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House Admin to Seek Second CR to Fund Committees

In the absence of a committee funding resolution, House Administration Chairman Bob Ney (R-Ohio) said Wednesday that he plans to ask for a unanimous consent agreement to provide money for committees for another month.

It would be the second temporary funding resolution. On March 26 the House agreed to fund the committees at levels from last Congress for another two weeks, which ends Friday.

“We’ve got to sit down and see where we are with the numbers,” Ney said.

He emphasized that the delay has nothing to do with partisan squabbling, saying cooperation with ranking member John Larson (D-Conn.) has been “great.”

House committees have asked for a funding increase totaling almost $50 million for the 108th Congress, $11 million of which was requested by the new Homeland Security Committee.

House rules stipulate that the biannual committee funding resolution be passed by March 31, but the rules also contain an interim funding provision to fund committees until a permanent committee funding resolution is passed.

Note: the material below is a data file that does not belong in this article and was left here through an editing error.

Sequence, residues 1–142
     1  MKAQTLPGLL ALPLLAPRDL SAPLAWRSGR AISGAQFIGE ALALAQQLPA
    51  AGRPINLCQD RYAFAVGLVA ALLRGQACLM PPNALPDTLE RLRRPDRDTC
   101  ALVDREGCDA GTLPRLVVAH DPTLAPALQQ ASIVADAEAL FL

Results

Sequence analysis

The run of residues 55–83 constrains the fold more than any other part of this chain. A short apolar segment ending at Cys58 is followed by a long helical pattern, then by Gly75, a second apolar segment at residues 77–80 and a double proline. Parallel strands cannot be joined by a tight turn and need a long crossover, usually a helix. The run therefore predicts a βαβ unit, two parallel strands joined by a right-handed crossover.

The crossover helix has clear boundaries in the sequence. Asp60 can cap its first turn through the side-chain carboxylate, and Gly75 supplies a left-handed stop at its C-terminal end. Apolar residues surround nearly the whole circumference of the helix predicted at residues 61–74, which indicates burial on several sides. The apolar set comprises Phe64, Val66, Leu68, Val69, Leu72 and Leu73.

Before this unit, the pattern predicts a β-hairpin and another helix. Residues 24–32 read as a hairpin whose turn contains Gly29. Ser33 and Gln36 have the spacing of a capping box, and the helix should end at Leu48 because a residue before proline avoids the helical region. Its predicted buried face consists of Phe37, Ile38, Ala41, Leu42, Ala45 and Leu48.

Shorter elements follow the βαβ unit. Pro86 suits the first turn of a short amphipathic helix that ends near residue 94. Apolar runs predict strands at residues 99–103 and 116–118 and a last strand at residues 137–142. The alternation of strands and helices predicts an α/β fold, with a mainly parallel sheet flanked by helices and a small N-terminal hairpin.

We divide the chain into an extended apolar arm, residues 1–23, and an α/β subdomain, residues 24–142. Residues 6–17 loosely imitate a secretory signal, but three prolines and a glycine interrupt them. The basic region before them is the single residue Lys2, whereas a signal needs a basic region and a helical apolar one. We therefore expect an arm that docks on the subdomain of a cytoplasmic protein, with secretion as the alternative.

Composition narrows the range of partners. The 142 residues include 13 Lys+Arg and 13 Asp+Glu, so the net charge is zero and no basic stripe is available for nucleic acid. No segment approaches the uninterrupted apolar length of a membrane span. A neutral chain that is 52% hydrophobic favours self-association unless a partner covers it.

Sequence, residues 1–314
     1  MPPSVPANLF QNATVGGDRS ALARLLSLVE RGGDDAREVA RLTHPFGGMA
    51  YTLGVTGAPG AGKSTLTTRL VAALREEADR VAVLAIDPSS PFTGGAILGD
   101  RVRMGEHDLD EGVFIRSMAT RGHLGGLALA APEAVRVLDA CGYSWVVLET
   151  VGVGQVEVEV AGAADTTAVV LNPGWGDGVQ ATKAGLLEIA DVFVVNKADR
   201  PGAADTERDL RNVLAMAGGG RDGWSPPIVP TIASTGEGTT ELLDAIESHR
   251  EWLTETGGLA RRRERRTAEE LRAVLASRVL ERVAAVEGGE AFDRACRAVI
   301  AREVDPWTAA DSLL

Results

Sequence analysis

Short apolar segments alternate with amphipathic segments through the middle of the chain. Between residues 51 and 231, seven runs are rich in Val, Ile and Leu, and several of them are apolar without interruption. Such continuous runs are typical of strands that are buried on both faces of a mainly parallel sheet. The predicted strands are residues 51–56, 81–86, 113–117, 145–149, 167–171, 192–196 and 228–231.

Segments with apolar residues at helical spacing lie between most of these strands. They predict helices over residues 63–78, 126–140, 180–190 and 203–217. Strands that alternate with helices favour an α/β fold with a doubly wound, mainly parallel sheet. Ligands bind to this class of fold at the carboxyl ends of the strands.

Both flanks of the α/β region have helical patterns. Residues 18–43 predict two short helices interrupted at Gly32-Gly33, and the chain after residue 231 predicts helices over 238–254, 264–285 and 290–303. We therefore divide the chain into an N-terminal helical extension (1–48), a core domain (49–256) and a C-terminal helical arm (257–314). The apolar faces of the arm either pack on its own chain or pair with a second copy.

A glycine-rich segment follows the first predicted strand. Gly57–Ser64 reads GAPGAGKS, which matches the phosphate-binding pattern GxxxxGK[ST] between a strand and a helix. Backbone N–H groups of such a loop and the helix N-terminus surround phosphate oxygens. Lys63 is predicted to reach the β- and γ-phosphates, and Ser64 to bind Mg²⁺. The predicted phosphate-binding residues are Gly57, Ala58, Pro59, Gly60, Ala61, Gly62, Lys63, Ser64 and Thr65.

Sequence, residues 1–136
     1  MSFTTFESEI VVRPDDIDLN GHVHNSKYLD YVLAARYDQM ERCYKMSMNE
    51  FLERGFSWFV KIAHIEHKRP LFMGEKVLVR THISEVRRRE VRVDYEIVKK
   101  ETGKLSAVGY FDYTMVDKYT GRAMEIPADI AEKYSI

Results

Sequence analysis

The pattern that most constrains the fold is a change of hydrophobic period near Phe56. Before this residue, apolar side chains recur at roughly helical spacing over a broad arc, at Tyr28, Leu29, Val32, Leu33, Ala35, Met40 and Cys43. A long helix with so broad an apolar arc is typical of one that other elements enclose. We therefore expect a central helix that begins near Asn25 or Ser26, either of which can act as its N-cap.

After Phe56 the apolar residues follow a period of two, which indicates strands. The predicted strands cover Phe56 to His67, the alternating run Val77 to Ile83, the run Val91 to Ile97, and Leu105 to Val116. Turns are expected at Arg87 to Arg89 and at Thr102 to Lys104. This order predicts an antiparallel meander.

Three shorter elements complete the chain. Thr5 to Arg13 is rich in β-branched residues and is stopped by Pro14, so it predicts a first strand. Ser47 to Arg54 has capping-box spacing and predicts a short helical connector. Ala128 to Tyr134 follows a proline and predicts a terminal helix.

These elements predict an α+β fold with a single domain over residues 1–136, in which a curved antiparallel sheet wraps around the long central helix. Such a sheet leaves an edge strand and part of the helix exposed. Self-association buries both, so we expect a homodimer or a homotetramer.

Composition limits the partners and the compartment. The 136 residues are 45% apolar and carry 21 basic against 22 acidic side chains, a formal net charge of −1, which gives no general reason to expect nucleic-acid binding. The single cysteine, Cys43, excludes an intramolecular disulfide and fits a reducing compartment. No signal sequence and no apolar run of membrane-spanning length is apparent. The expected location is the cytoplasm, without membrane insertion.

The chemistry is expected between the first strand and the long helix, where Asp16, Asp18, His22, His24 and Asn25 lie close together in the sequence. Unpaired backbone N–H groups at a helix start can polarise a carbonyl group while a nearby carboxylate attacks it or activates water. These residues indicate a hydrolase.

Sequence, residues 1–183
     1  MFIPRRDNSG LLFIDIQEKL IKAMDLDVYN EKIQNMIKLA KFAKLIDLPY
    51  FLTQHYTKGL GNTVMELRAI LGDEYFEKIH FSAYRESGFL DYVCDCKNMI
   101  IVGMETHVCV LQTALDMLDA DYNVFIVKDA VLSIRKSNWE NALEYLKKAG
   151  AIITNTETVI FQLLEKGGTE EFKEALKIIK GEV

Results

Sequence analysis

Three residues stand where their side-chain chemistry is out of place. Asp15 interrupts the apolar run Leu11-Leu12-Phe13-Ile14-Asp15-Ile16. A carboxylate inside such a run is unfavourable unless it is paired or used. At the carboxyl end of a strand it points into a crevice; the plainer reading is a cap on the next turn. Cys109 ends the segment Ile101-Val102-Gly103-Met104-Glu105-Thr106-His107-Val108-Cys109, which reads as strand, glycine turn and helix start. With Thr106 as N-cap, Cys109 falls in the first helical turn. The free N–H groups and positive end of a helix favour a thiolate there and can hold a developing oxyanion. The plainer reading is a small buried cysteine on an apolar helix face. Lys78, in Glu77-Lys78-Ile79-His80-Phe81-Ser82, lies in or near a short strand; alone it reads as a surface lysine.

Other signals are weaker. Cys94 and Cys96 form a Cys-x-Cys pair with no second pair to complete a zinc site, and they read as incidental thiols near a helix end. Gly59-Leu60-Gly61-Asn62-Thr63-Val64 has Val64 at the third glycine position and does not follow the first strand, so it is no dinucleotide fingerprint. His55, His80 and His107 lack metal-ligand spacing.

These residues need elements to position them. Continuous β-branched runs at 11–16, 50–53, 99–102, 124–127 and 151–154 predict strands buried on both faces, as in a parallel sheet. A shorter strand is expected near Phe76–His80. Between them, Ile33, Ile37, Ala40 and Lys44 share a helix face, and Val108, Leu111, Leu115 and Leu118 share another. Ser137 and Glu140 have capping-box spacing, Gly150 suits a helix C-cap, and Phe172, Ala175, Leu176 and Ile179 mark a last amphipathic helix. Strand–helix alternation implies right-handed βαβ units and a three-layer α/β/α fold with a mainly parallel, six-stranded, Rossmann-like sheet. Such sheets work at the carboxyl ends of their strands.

Ney said he and Larson agreed at the time the first continuing resolution was passed to fund committees at a slight increase over last Congress’ levels to help the panels continue operating in the interim.

“That’s what’s keeping them going. It would have started to get very tight for these committees,” he said. “I don’t know what we’re going to give them for this next month.”

Explaining the delay, Ney said funding an entirely new committee has complicated the process.

“We have a very unique situation in this funding resolution,” Ney said in his floor speech introducing the first temporary resolution. “So this year our ranking member and me and the members of the committee had even a bigger task to set up the [Homeland Security panel] … to make sure that important committee can function and that it really is considered absolutely outside the box.”

But at the time, Ney acknowledged that “negotiations on the 2004 budget resolution delayed work on the committee budget resolution.”

The war supplemental appropriations bill has also consumed a considerable amount of House leaders’ time in recent weeks. Speaker Dennis Hastert’s (R-Ill.) office vets House Administration’s committee funding numbers before they are brought to the floor.

Larson told the House during consideration of the first temporary resolution that “this extension has no impact on the well thought-out plan of the two-thirds/one-third distribution in the committee that all the chairs and ranking members had agreed to over the course.”

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